New York City confirms first case of monkeypox
Why it matters: It's the state's first confirmed case of monkeypox since multiple countries recently reported infections from the virus, which previously had been rarely seen outside of western and central African countries.
- It's also the U.S.' second confirmed monkeypox infection this year, as Massachusetts reported the first on Wednesday.
The unidentified patient is being treated and isolated while the state determines how the person was infected and reaches people who may have been in contact with the person, according to AP.
- The state is also awaiting final confirmation from the Centers for Disease Control and Prevention.
- The New York City Department of Health said Thursday it was investigating at least one possible case of monkeypox.
- Related to smallpox, monkeypox has two main types: the West African clade with a fatality rate of around 1% and the Congo Basin (Central African) clade, with a fatality rate of around 10%, Axios' Eileen Drage O'Reilly reports.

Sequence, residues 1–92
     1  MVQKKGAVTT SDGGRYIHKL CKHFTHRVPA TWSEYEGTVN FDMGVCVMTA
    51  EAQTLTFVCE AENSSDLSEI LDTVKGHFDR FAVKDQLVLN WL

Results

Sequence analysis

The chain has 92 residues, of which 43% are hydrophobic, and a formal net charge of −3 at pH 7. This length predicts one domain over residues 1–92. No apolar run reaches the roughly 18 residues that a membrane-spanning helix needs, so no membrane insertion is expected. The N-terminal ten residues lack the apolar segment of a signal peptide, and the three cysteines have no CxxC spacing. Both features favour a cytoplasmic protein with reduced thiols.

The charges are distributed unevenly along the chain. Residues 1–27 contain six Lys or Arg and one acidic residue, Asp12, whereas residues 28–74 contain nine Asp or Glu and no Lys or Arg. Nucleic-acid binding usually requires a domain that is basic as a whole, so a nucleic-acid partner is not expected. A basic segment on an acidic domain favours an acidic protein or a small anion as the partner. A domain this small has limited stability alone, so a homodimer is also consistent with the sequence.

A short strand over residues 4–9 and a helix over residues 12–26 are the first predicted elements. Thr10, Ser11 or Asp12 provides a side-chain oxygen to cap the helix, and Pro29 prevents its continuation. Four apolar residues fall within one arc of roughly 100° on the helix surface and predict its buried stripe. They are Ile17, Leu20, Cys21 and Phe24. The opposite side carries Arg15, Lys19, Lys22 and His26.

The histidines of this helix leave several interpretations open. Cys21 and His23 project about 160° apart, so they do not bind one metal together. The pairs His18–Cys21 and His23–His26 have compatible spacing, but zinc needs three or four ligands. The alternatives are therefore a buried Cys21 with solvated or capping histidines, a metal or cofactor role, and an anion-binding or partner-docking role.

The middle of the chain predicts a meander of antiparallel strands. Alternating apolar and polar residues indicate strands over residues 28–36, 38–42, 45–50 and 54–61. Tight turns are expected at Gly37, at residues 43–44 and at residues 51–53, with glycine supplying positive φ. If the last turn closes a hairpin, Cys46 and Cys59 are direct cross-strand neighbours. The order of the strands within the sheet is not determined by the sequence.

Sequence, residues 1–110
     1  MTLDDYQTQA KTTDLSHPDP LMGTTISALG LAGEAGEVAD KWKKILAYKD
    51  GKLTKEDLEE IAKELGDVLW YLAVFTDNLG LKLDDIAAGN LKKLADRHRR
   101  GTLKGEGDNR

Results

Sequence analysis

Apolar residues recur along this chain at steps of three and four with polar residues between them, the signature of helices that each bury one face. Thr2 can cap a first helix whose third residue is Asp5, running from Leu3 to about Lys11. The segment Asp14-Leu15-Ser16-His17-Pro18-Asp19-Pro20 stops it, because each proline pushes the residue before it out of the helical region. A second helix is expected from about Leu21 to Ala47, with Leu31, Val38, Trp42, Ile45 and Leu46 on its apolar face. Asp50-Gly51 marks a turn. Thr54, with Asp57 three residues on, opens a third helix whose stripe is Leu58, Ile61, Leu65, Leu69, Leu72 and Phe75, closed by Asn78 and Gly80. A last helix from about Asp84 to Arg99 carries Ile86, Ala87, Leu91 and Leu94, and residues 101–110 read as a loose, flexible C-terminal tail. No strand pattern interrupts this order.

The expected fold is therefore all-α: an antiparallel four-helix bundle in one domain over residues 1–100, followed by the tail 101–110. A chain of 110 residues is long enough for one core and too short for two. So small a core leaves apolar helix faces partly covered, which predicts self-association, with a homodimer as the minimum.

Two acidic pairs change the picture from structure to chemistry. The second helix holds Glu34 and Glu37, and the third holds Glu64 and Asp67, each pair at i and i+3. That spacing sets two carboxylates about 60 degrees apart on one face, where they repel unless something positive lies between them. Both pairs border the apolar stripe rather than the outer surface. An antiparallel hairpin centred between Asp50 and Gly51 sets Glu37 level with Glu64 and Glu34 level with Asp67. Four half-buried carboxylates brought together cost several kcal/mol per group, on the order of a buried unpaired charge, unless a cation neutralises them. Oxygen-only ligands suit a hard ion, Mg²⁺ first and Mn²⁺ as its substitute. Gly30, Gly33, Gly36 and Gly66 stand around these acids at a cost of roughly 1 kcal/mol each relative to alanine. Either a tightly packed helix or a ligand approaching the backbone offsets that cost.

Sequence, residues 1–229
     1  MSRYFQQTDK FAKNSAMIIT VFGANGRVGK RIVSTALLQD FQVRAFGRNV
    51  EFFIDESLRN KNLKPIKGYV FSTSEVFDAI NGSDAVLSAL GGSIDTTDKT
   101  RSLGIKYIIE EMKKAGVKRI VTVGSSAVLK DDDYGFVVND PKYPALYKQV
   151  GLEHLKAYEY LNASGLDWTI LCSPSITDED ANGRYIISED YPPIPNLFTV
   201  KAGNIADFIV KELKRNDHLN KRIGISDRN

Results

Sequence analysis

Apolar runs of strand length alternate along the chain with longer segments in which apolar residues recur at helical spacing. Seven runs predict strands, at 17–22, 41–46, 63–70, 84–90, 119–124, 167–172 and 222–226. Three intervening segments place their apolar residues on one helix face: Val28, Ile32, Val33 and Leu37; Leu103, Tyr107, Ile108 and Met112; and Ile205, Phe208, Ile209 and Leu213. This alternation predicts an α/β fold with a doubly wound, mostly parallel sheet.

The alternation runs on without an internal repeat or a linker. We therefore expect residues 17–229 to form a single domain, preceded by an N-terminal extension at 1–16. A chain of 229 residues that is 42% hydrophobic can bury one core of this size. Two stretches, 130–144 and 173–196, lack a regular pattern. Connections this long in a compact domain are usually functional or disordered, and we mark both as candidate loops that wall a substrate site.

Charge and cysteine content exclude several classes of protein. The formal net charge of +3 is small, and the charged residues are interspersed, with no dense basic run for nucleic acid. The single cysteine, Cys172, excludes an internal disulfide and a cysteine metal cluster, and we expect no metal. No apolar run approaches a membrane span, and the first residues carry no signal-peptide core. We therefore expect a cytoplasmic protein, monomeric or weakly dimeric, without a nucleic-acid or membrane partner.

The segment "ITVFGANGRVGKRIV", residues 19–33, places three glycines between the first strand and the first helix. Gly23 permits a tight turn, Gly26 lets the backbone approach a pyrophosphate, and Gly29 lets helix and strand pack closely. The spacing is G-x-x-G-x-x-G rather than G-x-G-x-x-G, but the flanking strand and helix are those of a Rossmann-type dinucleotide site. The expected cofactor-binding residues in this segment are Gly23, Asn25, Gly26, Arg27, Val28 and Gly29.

- The current circulating virus strain appears to be the milder West African type that often starts with flu-like symptoms and swelling lymph node, progressing to a blistering rash.
- The smallpox vaccine is believed to be effective against monkeypox.
The CDC warned Friday that doctors and state health departments in the U.S. should be on the lookout for possible cases, specifically looking for the characteristic rash associated with the virus.
- The World Health Organization's European chief also said he is concerned that monkeypox could spread in Europe in the next few months, as people gather for parties and festivals during the summer